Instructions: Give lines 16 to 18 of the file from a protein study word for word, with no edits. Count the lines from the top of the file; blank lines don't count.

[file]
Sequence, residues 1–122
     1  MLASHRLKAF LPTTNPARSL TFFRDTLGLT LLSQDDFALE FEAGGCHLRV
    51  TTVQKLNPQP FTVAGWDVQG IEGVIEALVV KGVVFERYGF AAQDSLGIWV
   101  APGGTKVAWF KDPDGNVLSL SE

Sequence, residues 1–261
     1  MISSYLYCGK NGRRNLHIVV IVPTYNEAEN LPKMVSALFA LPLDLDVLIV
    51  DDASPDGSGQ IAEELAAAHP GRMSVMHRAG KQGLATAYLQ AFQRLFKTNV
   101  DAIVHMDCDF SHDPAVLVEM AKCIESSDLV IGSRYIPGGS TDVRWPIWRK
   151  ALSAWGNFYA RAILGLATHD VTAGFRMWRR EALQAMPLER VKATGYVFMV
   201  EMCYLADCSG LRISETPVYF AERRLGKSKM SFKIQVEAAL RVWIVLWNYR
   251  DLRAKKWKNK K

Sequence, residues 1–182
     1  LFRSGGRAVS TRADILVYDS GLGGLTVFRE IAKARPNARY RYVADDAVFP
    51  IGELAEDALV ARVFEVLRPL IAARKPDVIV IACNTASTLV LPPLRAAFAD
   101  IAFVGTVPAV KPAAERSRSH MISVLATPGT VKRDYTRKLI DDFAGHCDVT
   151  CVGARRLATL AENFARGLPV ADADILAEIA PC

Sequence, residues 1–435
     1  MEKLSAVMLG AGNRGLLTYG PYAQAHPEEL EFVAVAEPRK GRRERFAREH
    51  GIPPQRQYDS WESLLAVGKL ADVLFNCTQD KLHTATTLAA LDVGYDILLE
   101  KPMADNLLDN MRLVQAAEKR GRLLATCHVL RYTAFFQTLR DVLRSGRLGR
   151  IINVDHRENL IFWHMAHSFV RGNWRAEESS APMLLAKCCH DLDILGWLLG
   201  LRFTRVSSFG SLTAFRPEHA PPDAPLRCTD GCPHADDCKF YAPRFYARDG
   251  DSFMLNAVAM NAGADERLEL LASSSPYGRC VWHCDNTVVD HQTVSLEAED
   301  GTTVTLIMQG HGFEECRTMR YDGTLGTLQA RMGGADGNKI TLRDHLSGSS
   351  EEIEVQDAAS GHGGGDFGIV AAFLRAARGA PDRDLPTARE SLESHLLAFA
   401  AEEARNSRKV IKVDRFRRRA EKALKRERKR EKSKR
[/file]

   151  CVGARRLATL AENFARGLPV ADADILAEIA PC

Sequence, residues 1–435
     1  MEKLSAVMLG AGNRGLLTYG PYAQAHPEEL EFVAVAEPRK GRRERFAREH